Putin Successor Pledges Fair Position On Internet Rules
Russian president-elect Dmitry Medvedev said his country should take a balanced approach when it comes to regulating the Internet.
Critics charge that Russian authorities are trying to impose stricter regulations of the Internet, a popular place for political debate within the country, where the mainstream media kowtows to the Kremlin.
Speaking at a forum about the Internet Medvedev acknowledged what he called "the delicate question of the relationship between freedom of speech and responsibility," on the Web.
"The answer to this question is fairly simple: laws must be respected everywhere … at the same time, the state should take a calm, fair position," with Internet users, he said.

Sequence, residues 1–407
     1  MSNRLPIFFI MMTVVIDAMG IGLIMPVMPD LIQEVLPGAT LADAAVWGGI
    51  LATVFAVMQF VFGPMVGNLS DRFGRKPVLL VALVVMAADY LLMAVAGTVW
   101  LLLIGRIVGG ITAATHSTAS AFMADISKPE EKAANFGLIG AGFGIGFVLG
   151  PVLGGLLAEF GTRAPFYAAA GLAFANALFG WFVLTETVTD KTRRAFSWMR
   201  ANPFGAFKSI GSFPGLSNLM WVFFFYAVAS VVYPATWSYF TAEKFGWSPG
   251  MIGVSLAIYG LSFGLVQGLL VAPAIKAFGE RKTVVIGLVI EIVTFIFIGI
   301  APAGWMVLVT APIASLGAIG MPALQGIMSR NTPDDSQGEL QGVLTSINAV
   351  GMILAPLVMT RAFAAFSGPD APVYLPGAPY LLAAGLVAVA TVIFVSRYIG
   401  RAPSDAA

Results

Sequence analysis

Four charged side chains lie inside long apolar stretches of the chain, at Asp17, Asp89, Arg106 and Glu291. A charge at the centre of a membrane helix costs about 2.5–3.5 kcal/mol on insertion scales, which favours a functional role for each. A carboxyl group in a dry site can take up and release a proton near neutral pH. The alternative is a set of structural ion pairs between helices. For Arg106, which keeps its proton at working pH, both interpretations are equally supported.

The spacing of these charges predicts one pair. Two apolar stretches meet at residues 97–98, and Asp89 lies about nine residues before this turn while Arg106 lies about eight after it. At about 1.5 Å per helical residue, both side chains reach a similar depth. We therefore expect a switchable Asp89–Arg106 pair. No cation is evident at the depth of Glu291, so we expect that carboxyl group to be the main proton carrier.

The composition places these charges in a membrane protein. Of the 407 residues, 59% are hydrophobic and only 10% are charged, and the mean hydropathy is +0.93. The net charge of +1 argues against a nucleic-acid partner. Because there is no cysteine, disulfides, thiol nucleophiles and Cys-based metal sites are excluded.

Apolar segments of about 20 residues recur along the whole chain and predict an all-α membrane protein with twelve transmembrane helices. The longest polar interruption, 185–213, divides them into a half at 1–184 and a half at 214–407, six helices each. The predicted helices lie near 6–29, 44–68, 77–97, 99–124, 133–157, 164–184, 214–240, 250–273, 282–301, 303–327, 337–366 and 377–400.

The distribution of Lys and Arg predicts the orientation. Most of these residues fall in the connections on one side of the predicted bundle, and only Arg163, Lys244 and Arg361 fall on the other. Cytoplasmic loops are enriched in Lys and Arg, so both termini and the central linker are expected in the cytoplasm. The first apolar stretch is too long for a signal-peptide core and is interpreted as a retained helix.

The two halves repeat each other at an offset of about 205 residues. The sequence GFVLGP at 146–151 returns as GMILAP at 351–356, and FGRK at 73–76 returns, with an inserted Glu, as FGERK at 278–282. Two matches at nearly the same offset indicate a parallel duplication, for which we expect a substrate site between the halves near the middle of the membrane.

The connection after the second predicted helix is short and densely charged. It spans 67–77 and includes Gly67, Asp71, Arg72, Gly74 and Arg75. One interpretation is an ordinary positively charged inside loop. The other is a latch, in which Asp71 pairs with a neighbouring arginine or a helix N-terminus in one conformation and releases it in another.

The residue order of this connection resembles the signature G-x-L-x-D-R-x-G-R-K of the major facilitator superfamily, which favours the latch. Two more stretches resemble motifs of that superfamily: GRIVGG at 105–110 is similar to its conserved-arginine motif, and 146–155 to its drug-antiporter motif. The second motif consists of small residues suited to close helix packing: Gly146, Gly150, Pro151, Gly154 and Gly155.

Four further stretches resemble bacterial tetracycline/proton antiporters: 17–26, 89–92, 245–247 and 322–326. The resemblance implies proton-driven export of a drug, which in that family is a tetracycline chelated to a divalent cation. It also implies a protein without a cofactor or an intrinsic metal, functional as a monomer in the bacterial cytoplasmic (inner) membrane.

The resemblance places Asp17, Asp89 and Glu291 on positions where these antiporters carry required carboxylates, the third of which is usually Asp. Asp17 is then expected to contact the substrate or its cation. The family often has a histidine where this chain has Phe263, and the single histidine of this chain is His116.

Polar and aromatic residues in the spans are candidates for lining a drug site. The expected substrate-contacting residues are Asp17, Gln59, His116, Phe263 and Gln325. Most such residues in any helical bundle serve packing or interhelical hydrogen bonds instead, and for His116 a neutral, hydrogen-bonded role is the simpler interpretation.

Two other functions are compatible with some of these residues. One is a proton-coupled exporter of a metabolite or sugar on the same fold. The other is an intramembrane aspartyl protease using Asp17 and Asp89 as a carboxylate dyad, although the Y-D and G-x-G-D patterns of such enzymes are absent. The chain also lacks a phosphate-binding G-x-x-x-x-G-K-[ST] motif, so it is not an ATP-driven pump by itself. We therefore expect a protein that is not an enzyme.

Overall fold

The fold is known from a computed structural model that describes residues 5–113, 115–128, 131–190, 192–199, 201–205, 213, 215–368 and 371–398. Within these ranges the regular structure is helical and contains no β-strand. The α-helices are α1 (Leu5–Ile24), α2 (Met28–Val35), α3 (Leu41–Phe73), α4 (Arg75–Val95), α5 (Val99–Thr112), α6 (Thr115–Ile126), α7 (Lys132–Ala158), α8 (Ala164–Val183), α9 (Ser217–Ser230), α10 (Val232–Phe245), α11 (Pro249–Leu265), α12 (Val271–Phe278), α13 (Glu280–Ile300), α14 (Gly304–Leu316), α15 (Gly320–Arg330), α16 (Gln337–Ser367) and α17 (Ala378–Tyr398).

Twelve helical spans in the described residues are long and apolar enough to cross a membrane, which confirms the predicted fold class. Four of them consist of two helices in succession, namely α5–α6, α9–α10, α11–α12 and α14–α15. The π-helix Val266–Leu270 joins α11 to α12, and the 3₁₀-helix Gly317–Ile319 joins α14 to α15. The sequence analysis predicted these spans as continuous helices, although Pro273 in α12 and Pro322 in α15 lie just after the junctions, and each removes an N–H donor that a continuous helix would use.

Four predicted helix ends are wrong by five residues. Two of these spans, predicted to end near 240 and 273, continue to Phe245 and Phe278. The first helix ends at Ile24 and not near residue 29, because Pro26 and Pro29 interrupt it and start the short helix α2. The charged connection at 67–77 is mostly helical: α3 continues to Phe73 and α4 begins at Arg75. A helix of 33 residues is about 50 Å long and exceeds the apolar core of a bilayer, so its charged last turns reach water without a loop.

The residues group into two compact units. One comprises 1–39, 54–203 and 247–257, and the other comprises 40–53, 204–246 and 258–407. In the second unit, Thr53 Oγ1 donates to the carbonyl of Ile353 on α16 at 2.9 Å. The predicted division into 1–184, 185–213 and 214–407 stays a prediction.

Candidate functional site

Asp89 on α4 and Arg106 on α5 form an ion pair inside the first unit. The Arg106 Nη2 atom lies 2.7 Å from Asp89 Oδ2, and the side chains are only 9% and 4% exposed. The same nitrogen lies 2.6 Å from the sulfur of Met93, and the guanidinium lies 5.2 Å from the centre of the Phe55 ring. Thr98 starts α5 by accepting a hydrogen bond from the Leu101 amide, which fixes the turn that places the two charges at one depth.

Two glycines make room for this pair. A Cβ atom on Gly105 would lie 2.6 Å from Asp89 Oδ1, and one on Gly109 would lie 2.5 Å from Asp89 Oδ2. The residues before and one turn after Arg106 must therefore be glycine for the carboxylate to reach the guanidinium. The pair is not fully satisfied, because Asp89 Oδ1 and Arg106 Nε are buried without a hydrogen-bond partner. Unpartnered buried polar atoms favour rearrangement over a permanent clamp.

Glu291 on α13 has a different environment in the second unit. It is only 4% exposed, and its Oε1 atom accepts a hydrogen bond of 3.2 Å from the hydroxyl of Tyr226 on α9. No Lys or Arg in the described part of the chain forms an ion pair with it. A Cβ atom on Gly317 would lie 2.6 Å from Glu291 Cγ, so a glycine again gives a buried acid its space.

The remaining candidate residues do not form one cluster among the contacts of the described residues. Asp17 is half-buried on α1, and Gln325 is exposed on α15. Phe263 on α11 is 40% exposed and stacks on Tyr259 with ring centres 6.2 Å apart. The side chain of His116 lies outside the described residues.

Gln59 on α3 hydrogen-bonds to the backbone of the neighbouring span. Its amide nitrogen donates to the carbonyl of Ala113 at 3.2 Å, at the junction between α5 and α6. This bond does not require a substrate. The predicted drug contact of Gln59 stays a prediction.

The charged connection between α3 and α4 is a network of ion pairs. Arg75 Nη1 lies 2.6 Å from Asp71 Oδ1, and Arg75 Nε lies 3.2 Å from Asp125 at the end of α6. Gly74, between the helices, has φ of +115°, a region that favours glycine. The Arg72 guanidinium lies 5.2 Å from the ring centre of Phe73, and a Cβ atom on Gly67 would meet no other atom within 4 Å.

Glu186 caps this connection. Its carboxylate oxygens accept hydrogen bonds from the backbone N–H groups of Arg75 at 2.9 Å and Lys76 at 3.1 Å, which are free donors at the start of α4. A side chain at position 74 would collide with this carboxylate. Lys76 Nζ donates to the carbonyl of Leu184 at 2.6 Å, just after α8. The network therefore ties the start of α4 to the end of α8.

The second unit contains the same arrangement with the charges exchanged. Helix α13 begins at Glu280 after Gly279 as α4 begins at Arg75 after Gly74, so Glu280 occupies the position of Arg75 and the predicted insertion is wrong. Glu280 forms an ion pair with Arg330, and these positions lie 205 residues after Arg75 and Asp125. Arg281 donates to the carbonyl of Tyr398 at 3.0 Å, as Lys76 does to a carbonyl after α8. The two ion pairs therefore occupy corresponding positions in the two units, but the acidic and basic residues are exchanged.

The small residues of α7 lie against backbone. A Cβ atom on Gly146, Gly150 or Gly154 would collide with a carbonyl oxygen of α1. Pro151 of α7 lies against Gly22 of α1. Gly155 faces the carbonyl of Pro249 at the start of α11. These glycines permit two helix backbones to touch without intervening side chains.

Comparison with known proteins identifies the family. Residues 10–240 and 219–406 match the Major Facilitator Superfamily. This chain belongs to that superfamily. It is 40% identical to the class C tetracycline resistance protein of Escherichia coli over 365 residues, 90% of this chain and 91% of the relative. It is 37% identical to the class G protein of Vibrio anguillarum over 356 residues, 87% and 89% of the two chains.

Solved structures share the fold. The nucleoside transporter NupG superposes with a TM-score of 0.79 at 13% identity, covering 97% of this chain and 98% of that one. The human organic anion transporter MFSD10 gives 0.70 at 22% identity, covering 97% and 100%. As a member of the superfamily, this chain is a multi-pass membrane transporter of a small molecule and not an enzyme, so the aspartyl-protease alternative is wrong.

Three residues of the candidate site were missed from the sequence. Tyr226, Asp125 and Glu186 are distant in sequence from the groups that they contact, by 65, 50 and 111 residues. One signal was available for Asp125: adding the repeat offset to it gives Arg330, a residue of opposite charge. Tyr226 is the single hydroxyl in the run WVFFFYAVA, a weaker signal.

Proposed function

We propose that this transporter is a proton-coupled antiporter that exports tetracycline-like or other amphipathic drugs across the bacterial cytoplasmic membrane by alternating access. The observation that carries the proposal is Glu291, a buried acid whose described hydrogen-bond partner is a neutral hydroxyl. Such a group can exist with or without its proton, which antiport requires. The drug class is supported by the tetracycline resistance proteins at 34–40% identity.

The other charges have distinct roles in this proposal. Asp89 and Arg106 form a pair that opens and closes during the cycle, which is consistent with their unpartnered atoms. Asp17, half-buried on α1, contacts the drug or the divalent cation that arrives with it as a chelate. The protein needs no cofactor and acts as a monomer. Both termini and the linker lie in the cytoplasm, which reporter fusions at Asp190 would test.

Russian authorities have shut down a number of regional Web sites critical of officials, claiming they did not have proper registration. One Kremlin lawmaker has floated the idea of having Russian Internet sites with more than 1,000 daily visitors register as media outlets, a move that would make them have to follow the same rules as newspapers.
Reporters Without Borders ranks Russia at 144 when it comes to press freedom out of a possible 169 countries.
Medvedev has said he is a fan of Internet news, including opinions from opposition sites. In his last job as deputy prime minister he ran a program to put every Russian school online.
Russia has 40 million Internet users out of a population of 142 million